Would it surprise you to know that the single most important factor in a new mom’s success with breastfeeding is the support she gets from her husband/partner? Dads-to-be are usually surprised to hear that they have this impact, and are all ears on how they can help the process. Here's some advice from veteran dads about how dad can help with breastfeeding:
- Breastfeeding is natural but not easy. Just like learning to drive a car, it takes time and practice to really get the hang of it. The importance of the emotional support that you offer during this time can not be overstated. You’re the cheerleader. If you offer encouragement and appreciation, not only will mom be more likely to hang in there past the rough part, she’ll remember you were there for her when she needed you.
- Positioning and latch-on are key. Since you’re seeing mom and baby from a different angle than she is, you’ll probably have suggestions about positioning or maybe adding a pillow here or there to make things more comfortable for her. Men have a natural sensitivity to visual angles and it can come in handy here.
- Help mom relax. This can be anything from a shoulder rub to the tried and true bringing her a glass of water or something to eat while she’s nursing. One new dad talked about helping his wife relax by rubbing her breast as the baby was getting ready to latch on. When she’s relaxed, the milk will let down. An engineer in Daddy Boot Camp had a good check list for problem solving breastfeeding: Mom relaxed? Milk letting down? Baby getting enough? Baby calm enough to suck? Well positioned?
- Get covered. Read up on what your insurance covers in the way of breast pumps and supplies. Breastfeeding supplies are now tax deductible, so use that flexible spending account to pay for them.
- Dad can feed a breastfeeding baby too. Speaking of breast pumps, veteran dads say a good one is worth it. After 3-4 weeks, mom can start pumping milk, giving dad a chance to feed his baby a bottle from time to time. This may be in the middle of the night so mom can sleep (although some moms report engorged breasts if the baby misses a feeding) or during the day so mom can get out for a while without worrying about the baby getting hungry while she’s gone. Feeding is a key bonding time, so now dad gets to share the experience with his little one.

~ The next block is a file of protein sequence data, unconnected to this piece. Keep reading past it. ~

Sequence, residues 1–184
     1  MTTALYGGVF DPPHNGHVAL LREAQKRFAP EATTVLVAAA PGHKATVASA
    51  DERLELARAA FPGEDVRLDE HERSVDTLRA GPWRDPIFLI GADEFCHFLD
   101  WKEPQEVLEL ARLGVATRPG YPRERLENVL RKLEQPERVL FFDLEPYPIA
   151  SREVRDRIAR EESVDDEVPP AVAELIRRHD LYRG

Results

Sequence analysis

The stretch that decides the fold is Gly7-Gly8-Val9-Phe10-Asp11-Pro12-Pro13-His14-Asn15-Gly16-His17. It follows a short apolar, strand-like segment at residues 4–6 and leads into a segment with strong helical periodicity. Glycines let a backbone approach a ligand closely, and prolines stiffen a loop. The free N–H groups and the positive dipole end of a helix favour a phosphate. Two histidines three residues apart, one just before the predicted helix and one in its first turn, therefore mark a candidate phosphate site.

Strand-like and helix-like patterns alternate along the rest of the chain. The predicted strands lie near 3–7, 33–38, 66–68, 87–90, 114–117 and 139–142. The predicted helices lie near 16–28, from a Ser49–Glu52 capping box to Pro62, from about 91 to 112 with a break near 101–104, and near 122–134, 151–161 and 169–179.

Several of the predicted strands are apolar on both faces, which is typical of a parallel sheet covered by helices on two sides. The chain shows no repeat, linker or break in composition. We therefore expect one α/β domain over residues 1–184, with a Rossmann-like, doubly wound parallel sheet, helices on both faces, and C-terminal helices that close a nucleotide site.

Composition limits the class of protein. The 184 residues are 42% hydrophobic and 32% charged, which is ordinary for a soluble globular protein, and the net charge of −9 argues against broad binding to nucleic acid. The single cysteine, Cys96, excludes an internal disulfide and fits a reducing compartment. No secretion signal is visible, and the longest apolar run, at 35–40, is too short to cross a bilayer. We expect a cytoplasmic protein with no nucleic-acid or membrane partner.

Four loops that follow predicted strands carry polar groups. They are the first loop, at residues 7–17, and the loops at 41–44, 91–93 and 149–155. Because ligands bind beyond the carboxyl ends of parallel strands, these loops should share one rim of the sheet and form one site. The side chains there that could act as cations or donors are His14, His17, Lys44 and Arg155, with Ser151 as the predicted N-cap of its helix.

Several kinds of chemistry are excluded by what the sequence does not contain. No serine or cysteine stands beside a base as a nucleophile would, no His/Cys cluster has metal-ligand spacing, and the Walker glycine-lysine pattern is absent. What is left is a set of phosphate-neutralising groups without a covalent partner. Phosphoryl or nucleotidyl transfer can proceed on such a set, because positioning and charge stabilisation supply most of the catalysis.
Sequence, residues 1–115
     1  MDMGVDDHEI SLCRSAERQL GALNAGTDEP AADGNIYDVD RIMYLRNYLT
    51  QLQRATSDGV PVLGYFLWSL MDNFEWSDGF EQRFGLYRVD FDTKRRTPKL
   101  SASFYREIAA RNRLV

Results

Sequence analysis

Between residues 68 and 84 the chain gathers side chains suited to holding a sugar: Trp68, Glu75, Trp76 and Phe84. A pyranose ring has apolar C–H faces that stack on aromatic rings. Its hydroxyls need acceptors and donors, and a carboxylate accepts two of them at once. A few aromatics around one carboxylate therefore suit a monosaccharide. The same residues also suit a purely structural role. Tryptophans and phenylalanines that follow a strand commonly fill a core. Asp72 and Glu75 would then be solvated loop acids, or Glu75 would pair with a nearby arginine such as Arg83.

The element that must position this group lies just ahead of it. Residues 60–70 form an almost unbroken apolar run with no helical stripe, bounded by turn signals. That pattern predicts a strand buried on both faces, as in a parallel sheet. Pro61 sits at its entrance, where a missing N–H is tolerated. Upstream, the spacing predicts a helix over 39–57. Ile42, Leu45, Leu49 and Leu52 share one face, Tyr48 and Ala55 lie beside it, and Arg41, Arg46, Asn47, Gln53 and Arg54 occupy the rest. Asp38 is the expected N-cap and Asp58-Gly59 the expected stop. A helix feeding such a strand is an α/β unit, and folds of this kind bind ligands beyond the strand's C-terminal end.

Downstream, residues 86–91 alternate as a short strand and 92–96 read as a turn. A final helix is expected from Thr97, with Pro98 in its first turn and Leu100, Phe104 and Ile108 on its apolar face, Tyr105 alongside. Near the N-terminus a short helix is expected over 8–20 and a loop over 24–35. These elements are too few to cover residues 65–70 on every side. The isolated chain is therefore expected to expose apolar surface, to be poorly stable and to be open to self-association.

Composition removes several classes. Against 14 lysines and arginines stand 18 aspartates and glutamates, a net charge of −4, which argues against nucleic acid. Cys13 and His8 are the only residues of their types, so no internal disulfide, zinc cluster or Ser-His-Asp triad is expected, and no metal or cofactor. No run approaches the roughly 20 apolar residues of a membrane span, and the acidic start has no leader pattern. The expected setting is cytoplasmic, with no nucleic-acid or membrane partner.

Even if mom is breastfeeding during the night, you can share the load by getting up and bringing the baby in to her. Sometimes waking up and not having to get out of bed is really appreciated. One veteran dad thought that even though his wife had said that she could get up and do it on her own, he felt like she was looking at him asleep and getting resentful.
- Lower her stress levels. You’ll both be surprised at the amount of time breastfeeding takes. Anything you do around the house is going to take a weight off mom. Otherwise she’ll sit there nursing, but making mental notes of everything that needs to be done around the house. And getting stressed.
- Be the protector. New fathers are often surprised at how protective they feel towards their new family. If mom needs help with visitors that don’t know when to leave, or needs a buffer from a questioning grandma (who might not have breastfed), you’re in the perfect position to have her back.
- Own another activity. Since mom is the go-to parent for breastfeeding, jump right in and own another baby activity. Dads are great with baths (watch the video of first time dad of twins, Jason, bathing his 6 week old baby), baby massage, or putting babies to sleep. With two of the big ones handled, (eating, sleeping, etc.) you’ve become a great team.
- Find outside help. Maybe you do everything humanly possible and mom still has trouble. It happens. Luckily, there are certified breastfeeding counselors around. Find one though La Leche League or the International Lactation Consultant Association's search page. They’ve heard it all – sore nipples, not enough milk, breast infections, you name it. As the family resource finder, you will have scored again.